RockShox Vivid Air R2C

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Shazam
Shazam

The first Vivid Air introduced 3 years ago was designed as a world cup downhill winning rear shock, with a stealth design and great damping. When the shock first came out air shocks weren’t really used in the DH scene; overheating air cans caused major issues with the shocks damping and performance on long descents. RockShox’s new Hot Rod technology, along with a larger air can,kept the shock cool and prevented overheating. This was a massive step in the right direction for DH air shocks and not long after we saw them everywhere from DH racers and freeriders to your bike park shred masters.

Out of the box the Vivid Air looks fantastic. Keeping its stealth look from previous years;  the black stanchion, black air can and grey decals on the shock make for a really good looker. Red and blue adjuster knobs pop out from the dark body giving it just a subtle bit of color. Coming in at £500 the Vivid is a fairly reasonable price as air shocks go. Its in the same price ball park as most of the other manufacturers offerings out there.

Popping
Popping

Fitting the shock wasn’t the easiest, due to me having a Specialized Demo 8 frame the yoke fitment doesn’t fit with the Vivid’s rebound adjuster. This does mean I have no dial to adjust my rebound but instead just an alan key, which didn’t bother me at all really. Small things like adjuster dials could easily get in the way of your shock mount hardware, so when purchasing any shock always make sure it will fit or if there is anyway to alter the shock so it will then fit.

Yoke fitting, without a rebound dial.
Yoke fitting, without a rebound dial.

Setting up the shock is easy enough, a standard shock pump valve is located at the end of the air can. One minor annoyance with the valve is how close it is to the piggy back, so that when you try to screw on your shock pump the piggy back gets in the way a little bit, so it takes a little longer to get on and off.

Not really an issue but when you’re first setting the shock up, and having to take the pump off and on again a fair bit, it can be a little annoying. Setting up sag on the shock is made easy by the small Percentage chart on the underneath of the piggy back, this means all you have to do is line up the red o-ring with whatever percent sag you prefer, up to 40%.

Handy sag percentage chart.
Handy sag percentage chart.

When you first sit on the bike and activate the shock you really get an idea of how soft and responsive the Vivid is. Without applying much weight the shock activates smoothly and feels super responsive. At first I thought it was too soft and needed more air in, but really it’s just the counter measure feature working its magic.

The first few rides were spent adjusting pressure, damping dial’s and all that jazz. I actually ended up taking a bit of pressure out of the shock which was great, and it allowed me to have a really great feeling shock that didn’t bottom out.

Out On The Trail

To start off with I first rode some fast, tight trails with nothing too rough just so I could get an initial feel for the shock. I find its always good to start off on less aggressive trails just so you don’t hammer it down on some really rough tracks and realize you have bottomed out or have it way too stiff. Riding less rough trails will just give you the opportunity to make small adjustments to the shock so it rides perfectly when you take it onto the more aggressive tracks.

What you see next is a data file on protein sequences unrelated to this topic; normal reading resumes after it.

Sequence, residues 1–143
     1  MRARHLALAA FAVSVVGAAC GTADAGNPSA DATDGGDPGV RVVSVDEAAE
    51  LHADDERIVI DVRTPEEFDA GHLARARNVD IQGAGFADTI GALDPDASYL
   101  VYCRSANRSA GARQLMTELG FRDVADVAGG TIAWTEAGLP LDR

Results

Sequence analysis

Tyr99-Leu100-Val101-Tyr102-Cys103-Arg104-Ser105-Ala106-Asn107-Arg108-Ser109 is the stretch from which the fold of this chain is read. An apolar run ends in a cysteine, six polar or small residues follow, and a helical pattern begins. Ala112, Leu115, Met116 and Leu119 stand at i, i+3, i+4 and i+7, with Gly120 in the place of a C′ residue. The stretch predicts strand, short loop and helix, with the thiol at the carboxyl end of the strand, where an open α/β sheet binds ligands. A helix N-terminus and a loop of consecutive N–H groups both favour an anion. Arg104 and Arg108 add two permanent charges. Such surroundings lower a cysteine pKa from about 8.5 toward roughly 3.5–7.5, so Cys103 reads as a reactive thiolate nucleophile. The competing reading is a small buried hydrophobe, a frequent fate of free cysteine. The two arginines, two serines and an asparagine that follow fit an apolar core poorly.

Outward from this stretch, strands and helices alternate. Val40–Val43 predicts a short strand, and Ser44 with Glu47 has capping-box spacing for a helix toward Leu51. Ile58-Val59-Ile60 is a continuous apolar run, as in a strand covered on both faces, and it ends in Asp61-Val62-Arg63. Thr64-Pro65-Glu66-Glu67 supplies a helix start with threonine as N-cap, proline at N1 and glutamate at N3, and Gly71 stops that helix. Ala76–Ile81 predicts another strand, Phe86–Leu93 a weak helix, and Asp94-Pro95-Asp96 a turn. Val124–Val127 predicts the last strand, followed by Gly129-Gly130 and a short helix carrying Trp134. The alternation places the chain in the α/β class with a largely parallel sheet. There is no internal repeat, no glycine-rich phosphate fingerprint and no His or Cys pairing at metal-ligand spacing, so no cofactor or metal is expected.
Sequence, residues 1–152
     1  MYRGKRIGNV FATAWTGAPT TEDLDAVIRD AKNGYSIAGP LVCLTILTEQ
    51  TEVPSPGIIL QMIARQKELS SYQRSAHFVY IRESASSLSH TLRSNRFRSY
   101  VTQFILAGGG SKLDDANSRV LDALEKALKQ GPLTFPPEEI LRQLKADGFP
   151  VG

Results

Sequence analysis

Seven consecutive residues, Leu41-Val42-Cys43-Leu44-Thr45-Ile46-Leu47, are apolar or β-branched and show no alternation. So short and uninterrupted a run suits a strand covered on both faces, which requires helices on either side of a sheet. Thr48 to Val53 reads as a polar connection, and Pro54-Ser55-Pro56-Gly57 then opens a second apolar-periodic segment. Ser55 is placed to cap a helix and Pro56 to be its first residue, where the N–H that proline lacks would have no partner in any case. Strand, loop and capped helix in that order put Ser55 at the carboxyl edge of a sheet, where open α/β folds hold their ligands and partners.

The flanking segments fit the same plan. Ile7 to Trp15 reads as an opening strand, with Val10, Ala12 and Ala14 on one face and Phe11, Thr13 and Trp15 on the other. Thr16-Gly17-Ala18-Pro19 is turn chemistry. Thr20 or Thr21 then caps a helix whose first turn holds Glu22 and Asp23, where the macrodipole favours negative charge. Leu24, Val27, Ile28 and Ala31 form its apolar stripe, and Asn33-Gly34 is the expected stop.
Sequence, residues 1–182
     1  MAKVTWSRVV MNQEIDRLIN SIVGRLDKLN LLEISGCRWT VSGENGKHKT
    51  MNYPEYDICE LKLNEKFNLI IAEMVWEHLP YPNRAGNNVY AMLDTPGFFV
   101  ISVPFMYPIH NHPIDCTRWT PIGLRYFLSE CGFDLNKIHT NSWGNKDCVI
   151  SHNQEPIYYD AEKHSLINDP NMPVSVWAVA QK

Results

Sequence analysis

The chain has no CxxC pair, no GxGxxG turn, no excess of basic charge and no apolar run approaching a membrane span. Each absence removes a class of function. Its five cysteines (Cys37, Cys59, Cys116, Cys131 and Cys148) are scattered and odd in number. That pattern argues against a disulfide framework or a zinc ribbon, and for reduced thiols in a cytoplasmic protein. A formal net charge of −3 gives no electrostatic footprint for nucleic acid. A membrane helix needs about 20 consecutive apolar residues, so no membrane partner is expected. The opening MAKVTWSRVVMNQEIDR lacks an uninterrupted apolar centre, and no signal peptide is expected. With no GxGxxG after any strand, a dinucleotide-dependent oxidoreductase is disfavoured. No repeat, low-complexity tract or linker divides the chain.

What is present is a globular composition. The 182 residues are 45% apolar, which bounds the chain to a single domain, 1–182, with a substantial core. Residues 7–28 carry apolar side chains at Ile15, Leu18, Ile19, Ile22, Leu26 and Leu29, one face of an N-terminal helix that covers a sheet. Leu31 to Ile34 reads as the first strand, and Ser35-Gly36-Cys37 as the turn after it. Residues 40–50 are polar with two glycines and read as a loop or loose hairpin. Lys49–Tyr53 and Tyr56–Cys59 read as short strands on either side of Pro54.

The Vivid straight away felt amazing, you could really feel the shock working with the bike to offer a super plush ride. In the corners you could just feel the amount of compression and rebound so you could really rail the corner and not feel the back end sinking in and just blowing through it’s travel. This really allowed me to compress and then boost out of the corners without the shock blowing through its travel. Then when you start hitting some rougher terrain and start all the high speed compressions the shock reacts just right so every bump is soaked up but not completely eaten up.

The Vivid’s performance just makes it work with the bike so the rear wheel sticks to the ground when you need it to and you don’t get any sketchy, over the front end, moments because the back end has just kicked up on a root. With the back end tracking so well with the ground all of the small braking bumps and awkward little holes were just soaked up and taken care of with minimal effort.

Moving onto some big hard hitting tracks the Vivid once again blew me away with its performance and adaptability. Big drops and rock garden’s offered some massive hits and potential bottom out scenarios for the Vivid, unsurprisingly the shock had no issues and all big hits were soaked up just to the right amount. Soaking up the big hits without completely blowing through its travel and then able to take another hit straight after was easy.

I’ve had no issues with the shock over the 5 months of testing, but have occasionally used some suspension lube on the shock just to keep it running super plush.

Overall: For me the new Vivid Air is completely out of this world. A beautiful piece of engineering with outstanding damping and overall performance which has really set the bench mark for all other air shocks. This really is a shock with the feel of a coil but at 1/3 of the weight. A great shock for a reasonable price.

 

Review Info

Brand:SRAM
Product:Vivid Air R2C
From:Fisher Outdoor Leisure
Price:£499.99
Tested:by Dan for 5 Months

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